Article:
Also, with the risk of not maintaining his healthy IBM range and becoming obese comes the possible increased risk of coronary heart disease, as plaque builds up in the coronary arteries from increased IBM, strokes, from blocked blood and oxygen to his brain, type 2 diabetes, if he does not participate in physical activity/exercise to turn excess glucose into energy. B. Which of the following forms of prevention would be useful in your management of this patient: primary, secondary, tertiary? Provide examples of interventions and how they would be appropriate for this patient.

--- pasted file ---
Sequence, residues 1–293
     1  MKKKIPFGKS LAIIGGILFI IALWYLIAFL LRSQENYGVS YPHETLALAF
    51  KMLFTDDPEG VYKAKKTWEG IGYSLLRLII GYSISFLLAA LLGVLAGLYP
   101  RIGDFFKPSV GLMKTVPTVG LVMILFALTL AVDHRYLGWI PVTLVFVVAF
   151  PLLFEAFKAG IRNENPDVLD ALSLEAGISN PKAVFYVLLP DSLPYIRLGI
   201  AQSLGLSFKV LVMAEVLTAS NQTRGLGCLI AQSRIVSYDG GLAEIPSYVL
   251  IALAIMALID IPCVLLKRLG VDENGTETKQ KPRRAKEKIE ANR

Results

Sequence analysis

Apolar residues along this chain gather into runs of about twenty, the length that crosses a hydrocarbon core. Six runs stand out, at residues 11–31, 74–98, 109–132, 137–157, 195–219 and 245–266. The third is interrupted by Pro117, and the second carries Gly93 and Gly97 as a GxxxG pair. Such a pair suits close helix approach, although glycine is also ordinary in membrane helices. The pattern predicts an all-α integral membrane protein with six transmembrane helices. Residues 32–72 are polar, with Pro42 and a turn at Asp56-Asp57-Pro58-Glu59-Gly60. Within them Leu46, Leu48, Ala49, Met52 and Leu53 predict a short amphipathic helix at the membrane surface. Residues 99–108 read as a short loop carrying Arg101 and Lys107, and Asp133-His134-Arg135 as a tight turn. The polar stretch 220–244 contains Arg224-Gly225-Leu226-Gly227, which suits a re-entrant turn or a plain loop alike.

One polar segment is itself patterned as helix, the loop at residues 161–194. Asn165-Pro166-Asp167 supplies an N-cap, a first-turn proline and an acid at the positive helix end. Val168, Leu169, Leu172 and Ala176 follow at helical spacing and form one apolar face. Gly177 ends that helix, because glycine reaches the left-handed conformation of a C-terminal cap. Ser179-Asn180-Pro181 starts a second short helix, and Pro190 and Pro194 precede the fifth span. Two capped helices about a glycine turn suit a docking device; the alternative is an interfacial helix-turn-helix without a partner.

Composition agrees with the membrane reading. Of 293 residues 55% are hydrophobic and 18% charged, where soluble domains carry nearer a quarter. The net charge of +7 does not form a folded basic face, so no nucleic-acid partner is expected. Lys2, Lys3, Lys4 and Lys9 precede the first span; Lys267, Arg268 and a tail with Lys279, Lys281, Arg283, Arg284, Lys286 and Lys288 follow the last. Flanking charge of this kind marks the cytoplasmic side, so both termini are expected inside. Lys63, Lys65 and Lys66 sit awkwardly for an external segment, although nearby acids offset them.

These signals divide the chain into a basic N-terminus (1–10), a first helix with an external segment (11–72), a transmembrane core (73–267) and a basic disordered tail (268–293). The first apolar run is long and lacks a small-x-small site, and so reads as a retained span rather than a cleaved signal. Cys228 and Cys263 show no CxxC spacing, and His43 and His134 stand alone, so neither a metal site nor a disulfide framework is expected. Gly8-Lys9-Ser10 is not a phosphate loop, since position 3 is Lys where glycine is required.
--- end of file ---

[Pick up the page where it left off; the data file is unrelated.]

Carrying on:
The most useful form of prevention in this scenario would be primary. As mentioned before, after the patient’s physical exam is the window of opportunity intervention to educate and promote healthier ideas to incorporate into his lifestyle. In this moment, it is important to ask the patient what he thinks about his health and if he has any ideas of changing his current behaviors. In the case the patient does not, one can use the social learning/cognitive theory intervention by asking if he has any friends that like playing sports and/or any activities (e. . Walking, jogging, bike riding) that include physical work and if not, ask why he does not like them, because it would benefit his health now and in the long run. This is the use of observational learning from his friends and could influence him to start thinking about (contemplation stage) changing his own lifestyle and behaviors to exercise. One could also ask if the patient has a credible role model that they follow and look up to. Role models are extremely influential and help pave a path towards excellence and/or change from current bad habits.